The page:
"I have two passports, two SIM cards, two addresses, and two credit cards. Luckily, I have only one email account."
Ofer Waldman grew up in Jerusalem, next door to the Edmond J. Safra Campus, and attended the Hebrew University High School, known as Leyada. He excelled at the French horn, playing with the Arab-Jewish West-Eastern Divan Orchestra, founded by Daniel Barenboim and Eduard Said, for three years. Later, Barenboim invited Ofer to further his musical studies in Berlin. He accepted – eventually earning a diploma from the Berlin University of the Arts.
Ofer remained in Berlin, playing with the Berlin Radio Symphony Orchestra, the Deutsche Opera Berlin, and occasionally with the Berlin Symphony Orchestra. In 2008 the Israel Philharmonic Orchestra invited Ofer to participate in a short-term project, during which he met his future wife, an Israeli who was living in New York at the time. They married and moved back to Israel in 2009. Ofer joined the Israel Symphony Orchestra Rishon LeZion (the resident orchestra of the Israeli Opera) the same week he began his master’s degree at the Hebrew University’s DAAD Center for German Studies.
"I was living my dream. Having grown up next door to the Hebrew University, I was finally honored to be among its students. It was a great pleasure and privilege to attend this fine institution."
Ofer completed his master’s degree with honors, receiving both the Rector's Prize for Excellent Students and the Dean of Social Sciences’ Award. He decided to continue studying towards a PhD, under the supervision of Prof. Yfaat Weiss from Hebrew University’s Department of History of the Jewish People and Contemporary Jewry. His research focused on Thomas Brasch, a writer of Jewish descent who grew up in East Germany and his complex relationship with the German socialistic state, which his parents, sworn communists returning to Berlin from war-time exile, helped build. Back when he lived in Germany as a musician, Ofer had been immersed in vestiges of East Berlin: his neighborhood, friends, and most of his orchestral colleagues were all rooted in the eastern part of the city. And yet, as Ofer came to realize, the lion’s share of Israeli historical research into Germany had focused on West Germany.
In 2014, Ofer’s wife’s job offered a relocation to Berlin. Thanks to Prof. Weiss’s ties with Freie Universität (FU), Ofer was able to continue his doctoral research there. Within a year, marking 50 years of diplomatic relations between Germany and Israel, the Hebrew University and Freie Universität signed an agreement to grant joint doctoral degrees. Ofer decided to enroll. He approached FU literary scholar Prof. Dr. Jürgen Brokoff, who agreed to co-supervise his doctoral research. Much assistance was provided by FU Prof. Susanne Zepp, who oversees this strategic cooperation on behalf of her institution. Ofer also He received additional support from an international scholarship of the DAAD, the German Academic Exchange Service. Ofer’s research also benefitted from the fact that nearly 30 years had passed since German reunification, and almost all of the former German Democratic Republic (East Germany) archives were open and accessible.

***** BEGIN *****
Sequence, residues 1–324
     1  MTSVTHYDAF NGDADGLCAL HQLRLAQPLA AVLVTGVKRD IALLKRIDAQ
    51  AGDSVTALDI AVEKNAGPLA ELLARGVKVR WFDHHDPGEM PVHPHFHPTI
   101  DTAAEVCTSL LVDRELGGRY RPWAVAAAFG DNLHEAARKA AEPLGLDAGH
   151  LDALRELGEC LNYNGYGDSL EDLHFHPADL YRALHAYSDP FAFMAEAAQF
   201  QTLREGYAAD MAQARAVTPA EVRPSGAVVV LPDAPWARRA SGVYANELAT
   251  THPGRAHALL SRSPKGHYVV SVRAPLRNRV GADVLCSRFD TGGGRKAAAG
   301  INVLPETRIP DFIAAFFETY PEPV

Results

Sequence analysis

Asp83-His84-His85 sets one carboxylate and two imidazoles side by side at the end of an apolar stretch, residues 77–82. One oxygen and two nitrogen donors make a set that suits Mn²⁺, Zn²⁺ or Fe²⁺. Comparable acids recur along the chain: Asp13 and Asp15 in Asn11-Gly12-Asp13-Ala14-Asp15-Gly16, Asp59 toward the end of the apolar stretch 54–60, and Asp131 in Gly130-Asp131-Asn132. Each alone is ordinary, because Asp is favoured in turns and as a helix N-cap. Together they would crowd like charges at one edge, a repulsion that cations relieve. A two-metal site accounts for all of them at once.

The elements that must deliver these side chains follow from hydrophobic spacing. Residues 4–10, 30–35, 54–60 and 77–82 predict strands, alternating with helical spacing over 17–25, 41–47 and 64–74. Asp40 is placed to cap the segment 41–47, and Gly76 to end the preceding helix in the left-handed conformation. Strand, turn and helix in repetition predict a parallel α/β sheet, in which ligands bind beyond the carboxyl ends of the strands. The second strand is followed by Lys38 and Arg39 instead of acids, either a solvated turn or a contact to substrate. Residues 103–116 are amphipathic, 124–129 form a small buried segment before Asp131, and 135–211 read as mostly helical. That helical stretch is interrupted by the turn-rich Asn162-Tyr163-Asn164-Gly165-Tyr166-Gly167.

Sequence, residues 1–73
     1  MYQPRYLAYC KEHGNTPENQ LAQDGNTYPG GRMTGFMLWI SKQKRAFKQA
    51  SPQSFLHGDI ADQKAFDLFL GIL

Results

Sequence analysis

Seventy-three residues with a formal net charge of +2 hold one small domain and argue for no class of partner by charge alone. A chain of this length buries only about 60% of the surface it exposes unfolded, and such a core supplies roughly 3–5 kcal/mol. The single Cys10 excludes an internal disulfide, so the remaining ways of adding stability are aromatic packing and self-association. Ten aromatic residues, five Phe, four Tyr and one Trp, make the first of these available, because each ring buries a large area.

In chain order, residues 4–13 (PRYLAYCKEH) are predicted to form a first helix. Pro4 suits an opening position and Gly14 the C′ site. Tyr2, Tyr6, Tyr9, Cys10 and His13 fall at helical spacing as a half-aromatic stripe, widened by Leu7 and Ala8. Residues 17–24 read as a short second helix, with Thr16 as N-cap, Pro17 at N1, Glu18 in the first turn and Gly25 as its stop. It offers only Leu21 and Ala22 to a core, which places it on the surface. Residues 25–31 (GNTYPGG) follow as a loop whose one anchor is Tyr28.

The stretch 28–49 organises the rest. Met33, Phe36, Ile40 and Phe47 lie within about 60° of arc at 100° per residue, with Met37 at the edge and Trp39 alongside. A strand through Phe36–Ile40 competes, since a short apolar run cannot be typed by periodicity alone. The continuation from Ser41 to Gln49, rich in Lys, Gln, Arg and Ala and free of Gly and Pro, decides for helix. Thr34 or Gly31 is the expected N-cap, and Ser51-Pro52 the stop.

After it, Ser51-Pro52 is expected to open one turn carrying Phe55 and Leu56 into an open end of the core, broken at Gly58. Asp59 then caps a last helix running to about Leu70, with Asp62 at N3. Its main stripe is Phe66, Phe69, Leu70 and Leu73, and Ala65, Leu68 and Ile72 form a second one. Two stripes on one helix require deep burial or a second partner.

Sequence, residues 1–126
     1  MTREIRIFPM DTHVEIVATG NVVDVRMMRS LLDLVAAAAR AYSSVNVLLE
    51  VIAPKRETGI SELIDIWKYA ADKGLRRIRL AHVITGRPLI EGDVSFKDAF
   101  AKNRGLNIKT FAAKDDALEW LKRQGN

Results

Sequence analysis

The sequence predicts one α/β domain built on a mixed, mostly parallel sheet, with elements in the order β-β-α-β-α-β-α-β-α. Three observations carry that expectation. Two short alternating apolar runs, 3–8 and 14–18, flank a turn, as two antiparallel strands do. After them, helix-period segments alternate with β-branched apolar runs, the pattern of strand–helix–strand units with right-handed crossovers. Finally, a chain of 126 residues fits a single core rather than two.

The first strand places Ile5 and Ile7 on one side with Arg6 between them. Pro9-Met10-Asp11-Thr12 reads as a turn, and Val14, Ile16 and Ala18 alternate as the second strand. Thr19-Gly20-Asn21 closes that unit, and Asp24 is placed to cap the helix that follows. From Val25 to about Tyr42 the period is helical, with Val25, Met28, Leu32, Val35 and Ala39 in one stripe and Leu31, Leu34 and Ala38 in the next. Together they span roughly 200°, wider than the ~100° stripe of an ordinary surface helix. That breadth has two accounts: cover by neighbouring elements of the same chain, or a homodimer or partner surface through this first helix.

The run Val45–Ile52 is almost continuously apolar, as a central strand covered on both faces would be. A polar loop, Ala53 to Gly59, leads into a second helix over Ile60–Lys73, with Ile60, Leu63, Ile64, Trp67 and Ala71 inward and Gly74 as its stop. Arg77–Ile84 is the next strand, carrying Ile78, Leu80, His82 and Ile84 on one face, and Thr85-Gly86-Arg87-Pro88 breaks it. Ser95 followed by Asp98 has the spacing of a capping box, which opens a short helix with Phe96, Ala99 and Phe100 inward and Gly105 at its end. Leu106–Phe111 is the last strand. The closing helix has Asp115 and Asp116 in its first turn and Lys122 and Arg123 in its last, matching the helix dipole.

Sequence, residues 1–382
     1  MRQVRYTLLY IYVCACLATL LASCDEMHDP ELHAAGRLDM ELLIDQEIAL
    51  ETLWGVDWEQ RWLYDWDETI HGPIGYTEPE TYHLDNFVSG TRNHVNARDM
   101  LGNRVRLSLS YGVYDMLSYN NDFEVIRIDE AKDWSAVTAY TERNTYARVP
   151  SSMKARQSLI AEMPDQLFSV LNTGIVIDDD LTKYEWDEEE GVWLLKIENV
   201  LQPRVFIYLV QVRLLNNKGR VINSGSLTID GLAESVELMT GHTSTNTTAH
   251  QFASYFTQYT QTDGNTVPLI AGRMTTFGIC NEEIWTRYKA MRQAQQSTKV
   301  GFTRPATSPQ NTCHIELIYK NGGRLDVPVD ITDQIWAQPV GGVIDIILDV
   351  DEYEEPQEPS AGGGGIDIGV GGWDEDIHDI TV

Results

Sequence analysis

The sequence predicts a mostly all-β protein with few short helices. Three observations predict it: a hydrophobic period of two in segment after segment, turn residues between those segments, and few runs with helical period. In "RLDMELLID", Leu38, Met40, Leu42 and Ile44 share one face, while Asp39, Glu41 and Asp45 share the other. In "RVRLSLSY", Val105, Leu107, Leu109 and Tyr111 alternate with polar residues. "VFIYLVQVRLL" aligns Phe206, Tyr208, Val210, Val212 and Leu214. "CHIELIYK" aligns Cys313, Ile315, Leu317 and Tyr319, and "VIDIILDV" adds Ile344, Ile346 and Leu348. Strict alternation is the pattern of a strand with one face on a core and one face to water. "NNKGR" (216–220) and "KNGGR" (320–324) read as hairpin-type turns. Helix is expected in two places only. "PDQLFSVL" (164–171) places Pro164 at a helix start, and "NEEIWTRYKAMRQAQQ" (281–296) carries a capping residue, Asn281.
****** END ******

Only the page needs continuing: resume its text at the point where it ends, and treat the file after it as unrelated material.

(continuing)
In 2018 Ofer’s family returned to Israel, where he completed his dissertation. When it came time to defend his thesis, the Coronavirus had struck and Ofer delivered his defense over Zoom.
Today, Ofer continues to straddle both worlds. Living in Israel, he is a regular contributor to German public radio (Deutschlandfunk) as well as other German media. He writes, speaks, and protests on a variety of social and political causes, ranging from immigration and asylum seekers in Germany to democracy and human rights in Israel. One reoccurring theme of his work in the German media, along with his collaborator Noam Brusilovsky, is the German obsession with all things Israeli. In this vein, the duo’s radio drama, We Love Israel, was chosen to represent Germany in the European radio contest – Prix Europa. The show went on to have two successful seasons on SWR2. Other topics include the refugee crises of 2015/16 and Germany`s transition towards becoming a migrational society. Ofer’s next feature, again with Noam Brusilovsky, will touch upon the radio broadcast of the Eichmann Trial, whose 60th anniversary will be marked in April 2021.
"As an Israeli Jew living in Berlin, as an Ashkenazi man, and as a student of the humanities, I recognize my many privileges. Immense public resources have been invested so that I can learn, research, gain knowledge – and I feel indebted to society. I cannot sit in the ivory tower and think critically to myself; I am obliged to open the window, hear what other people are saying, bring their stories to the fore. I feel that both Israel and Germany are on the brink of dramatic changes. In Israel, this is taking form of a threat to the country’s core democratic values, and my role is to contribute to a space of public discourse that is intellectual, relevant, and non-violent."